by Rhett Bruno
This fun new space drama/thriller, Titanborn by writer, Rhett Bruno, was published this year by Hydra (an imprint of Random House – not the evil organization trying to take over the world and destroy S.H.I.E.L.D….you’re safe folks). Mr. Bruno kindly gifted me a copy in return for an honest review. And I am so honored that he did!
Malcolm Graves is a bounty hunter employed by one of the ruling corporations in the known galaxy. Earth has been crippled by a meteorite and colonies of humans have taken to the stars. Now – 300 years later – two major corporations vie for the top of the hierarchy while people born on and off Earth are mere pawns in their games. Malcolm lives in a world of his own. Hopping from planet to planet and looking for the next assignment that will get him paid.
Unfortunately for Graves, the powers that be see fit to pair the veteran with a new partner, a Cogent. Graves, who has worked mostly on his own his entire career, is extremely unhappy about the new arrangement and more than a little curious about the corporations newest recruits. With the new partner, Zhaff, comes the frustrations Graves expected, some perks he didn’t, but also more questions than he could have anticipated and more answers than he wants.
Graves is mostly reliable, if not a bit on the grumpy side. Flawed and, for the most part, honest about it. Zhaff is an interesting character to read. He is a rigid rule-follower where Malcolm is a loose, moved-by-his-gut loner. A by-the-book rookie who is young, strong and extremely intelligent, Zhaff is a thorn in Grave’s side.
I thought this was a really fun read. I was surprised in all the right places. When I finished the novel, I was so stunned that I immediately emailed Mr. Bruno and tried to express my immediate “feels” – so many!!!! But I don’t do spoilers!
What I do like to do —-interview the author! Here are a few questions for Rhett:
SR: When did you start your first novel?
RB: My first novel was actually a fantasy epic called ISINDA that I started writing at 15 or 16. It’s hard to remember which, but that was the first time I decided to try putting together an actual story,
SR: Is your favorite genre to read sci-fi? What do you like about writing science fiction?
RB: It is. I actually didn’t really discover sci-fi until college, and I think that’s what turned me into the writer I am today. High school never really pushes you to read what you’re interested in, so I lost faith in reading for a long time. I love the imagination involved. I can never get into contemporary fiction because I live in that world, but scifi takes familiar things and pushes them to extraordinary limits. I suppose that’s what I love most about it. As far in the future as it takes us, good, relevant scifi draws from current events in a way that makes you think.
SR: What was your favorite book as a kid – say around 10 or 11?
RB: At that age, I have to say it was some Merlin book series about a wizard. I honestly can’t even remember what it’s called, maybe simply MERLIN, but I do remember absolutely loving the books.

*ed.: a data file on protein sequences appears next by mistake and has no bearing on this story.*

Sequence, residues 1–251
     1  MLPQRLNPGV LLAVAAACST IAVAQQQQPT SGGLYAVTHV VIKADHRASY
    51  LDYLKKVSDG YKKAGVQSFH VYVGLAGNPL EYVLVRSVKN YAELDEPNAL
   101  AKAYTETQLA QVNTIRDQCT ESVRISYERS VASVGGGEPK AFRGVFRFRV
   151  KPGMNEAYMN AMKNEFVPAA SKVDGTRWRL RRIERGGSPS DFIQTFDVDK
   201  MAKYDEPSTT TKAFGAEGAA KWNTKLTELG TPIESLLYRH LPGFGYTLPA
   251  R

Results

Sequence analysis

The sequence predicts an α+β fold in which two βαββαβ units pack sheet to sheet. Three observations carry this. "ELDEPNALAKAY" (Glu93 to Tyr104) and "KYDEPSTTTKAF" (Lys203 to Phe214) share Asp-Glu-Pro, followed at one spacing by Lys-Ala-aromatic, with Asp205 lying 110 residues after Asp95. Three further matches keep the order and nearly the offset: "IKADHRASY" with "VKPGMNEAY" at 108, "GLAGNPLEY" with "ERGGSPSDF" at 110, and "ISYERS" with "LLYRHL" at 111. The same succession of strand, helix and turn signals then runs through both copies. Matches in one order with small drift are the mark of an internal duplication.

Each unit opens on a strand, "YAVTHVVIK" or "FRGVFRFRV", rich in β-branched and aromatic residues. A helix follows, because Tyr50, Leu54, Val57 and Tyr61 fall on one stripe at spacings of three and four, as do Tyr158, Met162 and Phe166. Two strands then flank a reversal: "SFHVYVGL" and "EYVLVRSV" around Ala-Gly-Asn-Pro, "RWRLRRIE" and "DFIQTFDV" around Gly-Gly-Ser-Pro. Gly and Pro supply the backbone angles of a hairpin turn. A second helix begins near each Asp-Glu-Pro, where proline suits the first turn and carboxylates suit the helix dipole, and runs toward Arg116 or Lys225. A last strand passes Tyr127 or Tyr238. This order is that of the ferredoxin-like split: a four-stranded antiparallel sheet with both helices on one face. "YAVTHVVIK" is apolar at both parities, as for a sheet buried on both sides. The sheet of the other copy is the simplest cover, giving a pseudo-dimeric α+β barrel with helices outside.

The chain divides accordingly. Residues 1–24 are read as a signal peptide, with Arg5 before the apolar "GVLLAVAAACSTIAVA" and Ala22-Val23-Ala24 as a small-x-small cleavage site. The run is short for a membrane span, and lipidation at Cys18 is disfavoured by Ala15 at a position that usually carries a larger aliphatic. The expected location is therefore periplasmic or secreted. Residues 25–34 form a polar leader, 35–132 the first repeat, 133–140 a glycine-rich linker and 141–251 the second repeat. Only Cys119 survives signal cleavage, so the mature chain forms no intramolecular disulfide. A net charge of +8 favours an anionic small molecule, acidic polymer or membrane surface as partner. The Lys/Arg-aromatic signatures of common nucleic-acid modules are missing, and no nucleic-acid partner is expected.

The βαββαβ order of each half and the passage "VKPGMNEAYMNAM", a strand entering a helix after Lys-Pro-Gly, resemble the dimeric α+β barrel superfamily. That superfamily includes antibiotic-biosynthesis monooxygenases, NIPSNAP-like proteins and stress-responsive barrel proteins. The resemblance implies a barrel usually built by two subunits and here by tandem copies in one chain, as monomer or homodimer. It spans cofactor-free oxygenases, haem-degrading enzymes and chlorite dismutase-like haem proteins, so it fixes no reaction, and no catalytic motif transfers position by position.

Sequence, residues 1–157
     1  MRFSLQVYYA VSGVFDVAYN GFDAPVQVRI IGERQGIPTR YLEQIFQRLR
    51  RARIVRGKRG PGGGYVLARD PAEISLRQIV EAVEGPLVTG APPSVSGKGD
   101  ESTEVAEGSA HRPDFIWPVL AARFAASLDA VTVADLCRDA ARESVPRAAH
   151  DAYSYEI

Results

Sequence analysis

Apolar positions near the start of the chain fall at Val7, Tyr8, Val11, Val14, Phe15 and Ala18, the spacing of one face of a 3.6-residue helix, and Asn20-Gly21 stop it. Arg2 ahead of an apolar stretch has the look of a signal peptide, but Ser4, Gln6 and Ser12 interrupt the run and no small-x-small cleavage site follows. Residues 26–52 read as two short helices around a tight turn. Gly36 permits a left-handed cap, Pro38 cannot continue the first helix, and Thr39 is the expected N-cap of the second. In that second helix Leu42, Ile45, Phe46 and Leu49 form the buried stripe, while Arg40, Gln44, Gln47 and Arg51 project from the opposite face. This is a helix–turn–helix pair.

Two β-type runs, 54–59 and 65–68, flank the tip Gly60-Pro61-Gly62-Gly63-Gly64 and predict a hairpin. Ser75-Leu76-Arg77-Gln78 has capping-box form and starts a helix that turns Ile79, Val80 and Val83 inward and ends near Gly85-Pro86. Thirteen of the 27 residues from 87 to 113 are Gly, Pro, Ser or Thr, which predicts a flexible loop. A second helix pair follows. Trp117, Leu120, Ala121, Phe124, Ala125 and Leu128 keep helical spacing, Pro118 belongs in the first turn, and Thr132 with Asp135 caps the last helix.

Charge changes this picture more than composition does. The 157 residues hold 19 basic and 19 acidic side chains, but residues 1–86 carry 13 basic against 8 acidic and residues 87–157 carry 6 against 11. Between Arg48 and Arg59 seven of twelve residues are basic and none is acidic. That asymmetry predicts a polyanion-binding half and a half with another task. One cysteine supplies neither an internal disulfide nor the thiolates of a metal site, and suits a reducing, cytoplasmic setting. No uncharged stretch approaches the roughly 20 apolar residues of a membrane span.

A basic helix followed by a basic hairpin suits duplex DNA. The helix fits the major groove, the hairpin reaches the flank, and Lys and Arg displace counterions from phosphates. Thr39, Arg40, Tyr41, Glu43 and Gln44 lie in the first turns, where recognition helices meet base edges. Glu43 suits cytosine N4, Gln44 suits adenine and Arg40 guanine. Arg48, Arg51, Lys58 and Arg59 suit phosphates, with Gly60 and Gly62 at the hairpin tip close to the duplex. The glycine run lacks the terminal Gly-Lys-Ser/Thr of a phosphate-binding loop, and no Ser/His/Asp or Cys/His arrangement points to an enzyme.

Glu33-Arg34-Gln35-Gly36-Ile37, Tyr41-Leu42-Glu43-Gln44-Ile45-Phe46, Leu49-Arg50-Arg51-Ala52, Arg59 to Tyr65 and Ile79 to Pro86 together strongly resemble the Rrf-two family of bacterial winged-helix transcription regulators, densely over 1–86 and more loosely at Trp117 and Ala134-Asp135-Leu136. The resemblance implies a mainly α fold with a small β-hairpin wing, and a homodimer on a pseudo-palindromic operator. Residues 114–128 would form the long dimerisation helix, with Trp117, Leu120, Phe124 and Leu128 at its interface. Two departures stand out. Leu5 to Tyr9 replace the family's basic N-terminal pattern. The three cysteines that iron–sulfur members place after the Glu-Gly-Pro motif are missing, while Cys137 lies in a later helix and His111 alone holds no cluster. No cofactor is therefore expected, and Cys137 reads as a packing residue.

SR: What is your favorite part about the writing process? Least favorite?
RB: Finishing it. There’s nothing better than typing END at the bottom of a manuscript. Of course there’s still a ton of editing and work to do, but the satisfaction is real. Least favorite has to be getting stuck. I’m a perfectionist, so I can’t keep writing and save a part I couldn’t figure out for later, so I obsess over it until I can make it work. Being a better outliner might help…
SR: If you could choose any fantasy/sci-fi world to live in, which one would it be?
RB: That’s tough because so many are pretty deadly ha. I’d have to say Star Wars. No world has ever captured my imagination like it, and the chance at having the force + the ability to travel between planets seamlessly is tough to deny.
SR: Do you have any words of advice to offer beginning writers?
RB: Yes. Don’t make the same mistake I did early on. Keep reading! Try to focus on the genre you want to write in and you’ll learn a ton. Another bit of advice, don’t forget about editing. To me, it’s the largest determining factor in wanting to be traditional published vs. self published. Good editing is expensive, and not every publisher has good ones on staff. Publishing a book in the best possible condition is a team effort. Send your MS out to betas and friends, get feedback. One set of eyes is never enough to determine if a story works.
SR: Can you give us a little blurb about your Circuit series?
RB: Sure. On the outside this is an epic space opera rife with space-battles, but the heart of The Circuit Series is it’s flawed characters. This is a story about how their lives intertwine in unexpected ways, taking each of the four POV characters to places they never thought they’d go. These are broken people who have lost someone or something, and long for it back. In the end, The Circuit is about them coming to grips with their fates within the backdrop of a terrible war caused by one man’s blind lust for vengeance.
SR: What is your current favorite book?
RB: It’s a tough call, but out of anything I’ve read in recent years I think it still has to be THE NAME OF THE WIND by Patrick Rothfuss. He’s just such an incredible writer, and a lot of reading for me is research.
Thank you, Mr. Bruno for sharing your book with me.
You can follow Rhett C. Bruno on goodreads and on insta @rcbruno44!